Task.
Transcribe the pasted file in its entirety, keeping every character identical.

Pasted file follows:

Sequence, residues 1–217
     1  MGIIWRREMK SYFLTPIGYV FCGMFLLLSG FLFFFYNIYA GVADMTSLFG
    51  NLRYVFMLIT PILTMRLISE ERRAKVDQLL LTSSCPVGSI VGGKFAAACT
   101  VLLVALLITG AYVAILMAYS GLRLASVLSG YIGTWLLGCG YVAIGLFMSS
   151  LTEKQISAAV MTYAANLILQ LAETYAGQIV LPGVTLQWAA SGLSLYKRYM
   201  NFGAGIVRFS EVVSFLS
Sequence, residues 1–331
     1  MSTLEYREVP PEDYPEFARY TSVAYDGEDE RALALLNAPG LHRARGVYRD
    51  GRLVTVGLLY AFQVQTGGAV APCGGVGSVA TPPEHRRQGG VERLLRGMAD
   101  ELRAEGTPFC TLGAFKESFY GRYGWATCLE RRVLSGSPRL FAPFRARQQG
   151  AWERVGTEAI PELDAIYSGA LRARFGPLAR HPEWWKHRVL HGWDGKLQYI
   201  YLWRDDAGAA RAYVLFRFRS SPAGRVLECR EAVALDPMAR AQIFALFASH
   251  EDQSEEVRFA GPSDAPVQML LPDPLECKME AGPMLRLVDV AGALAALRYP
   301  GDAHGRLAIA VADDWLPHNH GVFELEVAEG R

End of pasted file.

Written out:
Sequence, residues 1–217
     1  MGIIWRREMK SYFLTPIGYV FCGMFLLLSG FLFFFYNIYA GVADMTSLFG
    51  NLRYVFMLIT PILTMRLISE ERRAKVDQLL LTSSCPVGSI VGGKFAAACT
   101  VLLVALLITG AYVAILMAYS GLRLASVLSG YIGTWLLGCG YVAIGLFMSS
   151  LTEKQISAAV MTYAANLILQ LAETYAGQIV LPGVTLQWAA SGLSLYKRYM
   201  NFGAGIVRFS EVVSFLS
Sequence, residues 1–331
     1  MSTLEYREVP PEDYPEFARY TSVAYDGEDE RALALLNAPG LHRARGVYRD
    51  GRLVTVGLLY AFQVQTGGAV APCGGVGSVA TPPEHRRQGG VERLLRGMAD
   101  ELRAEGTPFC TLGAFKESFY GRYGWATCLE RRVLSGSPRL FAPFRARQQG
   151  AWERVGTEAI PELDAIYSGA LRARFGPLAR HPEWWKHRVL HGWDGKLQYI
   201  YLWRDDAGAA RAYVLFRFRS SPAGRVLECR EAVALDPMAR AQIFALFASH
   251  EDQSEEVRFA GPSDAPVQML LPDPLECKME AGPMLRLVDV AGALAALRYP
   301  GDAHGRLAIA VADDWLPHNH GVFELEVAEG R